With this week’s close of the comment period on the December 2016 whitepaper by the Office of the Comptroller of the Currency (“OCC”) regarding special purpose charters for fintech companies, which we discussed in a previous client alert, several key stakeholders have weighed in on the OCC’s plans. Notably, on January 13, 2017, the Conference of State Bank Supervisors (“CSBS”), the nationwide organization representing banking regulators from all 50 states, the District of Columbia, Guam, Puerto Rico, and the U.S. Virgin Islands, submitted a comment letter opposing the OCC’s creation of the charter. On January 17, 2017, the Superintendent of the New York State Department of Financial Services (“NYSDFS”), Maria T. Vullo, submitted a standalone comment letter also opposing the charter.
CSBS’s and NYSDFS’s letters make a number of arguments against the charter:
- Legal basis for the charter. According to CSBS and NYSDFS, the OCC lacks the statutory authority under the National Bank Act to charter a national bank that does not issue deposits, unless the charter is for a type of special purpose bank expressly authorized by statute, namely, trust banks, bankers’ banks, and credit card banks. The OCC has taken the position that it has the statutory authority to charter national banks that engage in fiduciary activities, receive deposits, pay checks, or lend money, including the “modern equivalent” of those activities.
- Preemption of state laws. CSBS and NYSDFS argue that federally-chartered fintech banks would be exempt from state consumer protection laws by virtue of preemption afforded to national banks under the National Bank Act, but the only identified examples of state laws that would be preempted for federally-chartered fintech banks are licensing and usury laws of the customer’s state of residence.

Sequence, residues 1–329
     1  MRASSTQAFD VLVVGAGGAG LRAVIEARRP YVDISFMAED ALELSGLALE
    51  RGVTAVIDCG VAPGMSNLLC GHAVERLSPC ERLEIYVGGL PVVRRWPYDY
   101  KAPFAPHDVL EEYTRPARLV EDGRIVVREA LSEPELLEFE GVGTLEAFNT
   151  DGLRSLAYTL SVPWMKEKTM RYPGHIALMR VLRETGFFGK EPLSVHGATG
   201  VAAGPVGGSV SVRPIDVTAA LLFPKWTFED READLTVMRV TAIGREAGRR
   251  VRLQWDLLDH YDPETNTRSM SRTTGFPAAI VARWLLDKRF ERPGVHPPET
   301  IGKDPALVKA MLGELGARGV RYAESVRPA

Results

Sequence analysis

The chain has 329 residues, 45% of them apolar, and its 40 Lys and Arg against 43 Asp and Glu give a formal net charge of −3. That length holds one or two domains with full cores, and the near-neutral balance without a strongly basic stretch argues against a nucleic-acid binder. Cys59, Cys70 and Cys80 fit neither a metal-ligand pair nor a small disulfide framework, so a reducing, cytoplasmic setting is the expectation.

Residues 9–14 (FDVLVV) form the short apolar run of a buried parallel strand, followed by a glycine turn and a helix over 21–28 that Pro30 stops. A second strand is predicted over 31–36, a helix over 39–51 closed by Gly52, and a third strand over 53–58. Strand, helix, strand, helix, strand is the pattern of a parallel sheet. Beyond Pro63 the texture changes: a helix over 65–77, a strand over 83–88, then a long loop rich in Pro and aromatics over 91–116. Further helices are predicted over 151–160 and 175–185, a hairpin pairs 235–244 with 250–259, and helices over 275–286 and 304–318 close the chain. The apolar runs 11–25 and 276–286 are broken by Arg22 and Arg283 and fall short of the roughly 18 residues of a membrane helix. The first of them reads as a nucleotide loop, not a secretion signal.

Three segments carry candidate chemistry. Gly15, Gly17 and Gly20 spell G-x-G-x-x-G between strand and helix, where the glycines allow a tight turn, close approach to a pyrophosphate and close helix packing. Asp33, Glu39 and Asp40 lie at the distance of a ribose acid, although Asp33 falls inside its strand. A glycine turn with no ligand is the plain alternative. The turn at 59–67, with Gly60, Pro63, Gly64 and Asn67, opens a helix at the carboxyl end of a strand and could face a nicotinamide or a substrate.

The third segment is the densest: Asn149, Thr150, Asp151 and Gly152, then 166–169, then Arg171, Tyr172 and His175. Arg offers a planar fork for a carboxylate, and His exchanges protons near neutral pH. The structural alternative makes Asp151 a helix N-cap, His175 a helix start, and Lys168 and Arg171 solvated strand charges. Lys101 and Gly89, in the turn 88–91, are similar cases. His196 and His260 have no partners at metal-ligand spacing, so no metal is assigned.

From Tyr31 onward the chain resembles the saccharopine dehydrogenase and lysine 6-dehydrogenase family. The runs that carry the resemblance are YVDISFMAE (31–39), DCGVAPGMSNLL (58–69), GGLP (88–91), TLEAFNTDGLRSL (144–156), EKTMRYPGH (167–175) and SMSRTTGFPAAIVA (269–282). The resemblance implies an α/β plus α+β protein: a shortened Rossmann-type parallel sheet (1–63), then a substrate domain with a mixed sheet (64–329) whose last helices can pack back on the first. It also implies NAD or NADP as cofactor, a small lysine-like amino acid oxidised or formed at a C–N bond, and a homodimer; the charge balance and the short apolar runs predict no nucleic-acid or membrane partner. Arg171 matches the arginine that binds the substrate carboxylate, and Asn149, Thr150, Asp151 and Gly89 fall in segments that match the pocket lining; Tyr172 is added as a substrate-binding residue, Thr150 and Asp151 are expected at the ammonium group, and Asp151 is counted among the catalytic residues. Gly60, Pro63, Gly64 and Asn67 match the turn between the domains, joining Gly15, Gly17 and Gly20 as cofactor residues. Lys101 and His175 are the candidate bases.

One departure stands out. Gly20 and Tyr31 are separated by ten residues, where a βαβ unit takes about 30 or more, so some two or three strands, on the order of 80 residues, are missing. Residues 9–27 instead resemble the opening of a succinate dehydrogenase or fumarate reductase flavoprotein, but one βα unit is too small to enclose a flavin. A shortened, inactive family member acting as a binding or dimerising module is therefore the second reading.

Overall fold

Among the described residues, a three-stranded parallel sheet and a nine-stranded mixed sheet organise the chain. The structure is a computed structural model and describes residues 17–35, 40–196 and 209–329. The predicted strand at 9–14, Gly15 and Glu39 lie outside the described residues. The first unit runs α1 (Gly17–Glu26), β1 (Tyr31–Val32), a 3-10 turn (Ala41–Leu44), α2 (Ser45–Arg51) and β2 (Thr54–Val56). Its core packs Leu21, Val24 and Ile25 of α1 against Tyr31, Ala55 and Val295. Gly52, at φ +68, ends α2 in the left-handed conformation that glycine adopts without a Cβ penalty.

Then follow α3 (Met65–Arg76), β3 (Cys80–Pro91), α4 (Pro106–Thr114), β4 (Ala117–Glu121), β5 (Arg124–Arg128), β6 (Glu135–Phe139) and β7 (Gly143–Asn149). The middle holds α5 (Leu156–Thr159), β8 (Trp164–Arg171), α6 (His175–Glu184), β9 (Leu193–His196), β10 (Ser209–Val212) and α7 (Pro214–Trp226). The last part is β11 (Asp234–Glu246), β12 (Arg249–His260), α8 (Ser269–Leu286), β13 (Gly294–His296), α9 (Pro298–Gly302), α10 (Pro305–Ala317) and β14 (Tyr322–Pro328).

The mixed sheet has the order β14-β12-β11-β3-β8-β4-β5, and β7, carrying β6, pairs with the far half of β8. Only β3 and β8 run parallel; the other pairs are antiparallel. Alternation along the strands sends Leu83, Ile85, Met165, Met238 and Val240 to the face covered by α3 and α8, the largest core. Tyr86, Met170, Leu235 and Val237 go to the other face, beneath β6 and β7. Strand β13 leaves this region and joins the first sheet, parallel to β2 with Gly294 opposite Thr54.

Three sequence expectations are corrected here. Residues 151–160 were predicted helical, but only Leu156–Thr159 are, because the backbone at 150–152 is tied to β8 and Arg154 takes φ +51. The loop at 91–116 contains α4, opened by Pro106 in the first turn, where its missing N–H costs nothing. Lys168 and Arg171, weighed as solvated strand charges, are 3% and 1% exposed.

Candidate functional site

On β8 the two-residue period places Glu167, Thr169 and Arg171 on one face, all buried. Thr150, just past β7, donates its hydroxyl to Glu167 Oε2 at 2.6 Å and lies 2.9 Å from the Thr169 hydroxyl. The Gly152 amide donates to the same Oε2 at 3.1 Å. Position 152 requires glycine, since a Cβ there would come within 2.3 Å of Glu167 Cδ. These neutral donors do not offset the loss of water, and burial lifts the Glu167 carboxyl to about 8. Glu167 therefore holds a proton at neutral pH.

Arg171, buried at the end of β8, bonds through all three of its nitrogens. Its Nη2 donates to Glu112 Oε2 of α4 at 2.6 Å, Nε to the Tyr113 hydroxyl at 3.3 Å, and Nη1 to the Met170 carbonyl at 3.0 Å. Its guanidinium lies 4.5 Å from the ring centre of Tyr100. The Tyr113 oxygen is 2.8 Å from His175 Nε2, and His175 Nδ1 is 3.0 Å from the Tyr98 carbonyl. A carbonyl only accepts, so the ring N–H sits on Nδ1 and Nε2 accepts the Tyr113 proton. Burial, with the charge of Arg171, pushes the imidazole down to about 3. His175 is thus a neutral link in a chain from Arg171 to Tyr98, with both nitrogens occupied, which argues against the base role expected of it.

- Uneven application of federal laws. CSBS argues that a special purpose fintech charter would result in an ad-hoc, uneven application of federal laws. According to CSBS, special purpose fintech banks would benefit unfairly from their eligibility to become members of the Federal Reserve System, exclusion from the definition of “bank” under the Bank Holding Company Act, exemption from the enforcement authority of the Securities and Exchange Commission, and exclusion from the supervisory authority of the Consumer Financial Protection Bureau (depending on the activities of the fintech bank). Competitors are subject to those laws to differing degrees; for instance, state-licensed non-bank entities are not eligible to become members of the Federal Reserve System, and insured depository institutions are “banks” under the Bank Holding Company Act.
- Effects on innovation. CSBS and NYSDFS argue that the OCC will be picking winners and losers in the marketplace by granting special purpose fintech charters – along with regulatory advantages associated with the charters – to a select few applicants. Moreover, CSBS and NYSDFS argue that successful applicants are likely to be established technology firms, and startups will be placed at a disadvantage to the large incumbent players, which will stifle innovation.
- Unique risks. NYSDFS argues that fintech companies tend to present unique risks that the OCC, unlike state regulators, does not have experience addressing. For instance, NYSDFS states that non-depository institutions are cash intensive businesses that have frequent changes to their product mix, location, and beneficial owners, and do not have ongoing customer relationships, which could increase the risk that those institutions are used to finance terrorism or perpetuate fraud.
These arguments echo many of the concerns that U.S. Senators Sherrod Brown (D-OH) and Jeff Merkley (D-OR) raised in a comment letter to the OCC, which we discussed in a previous post.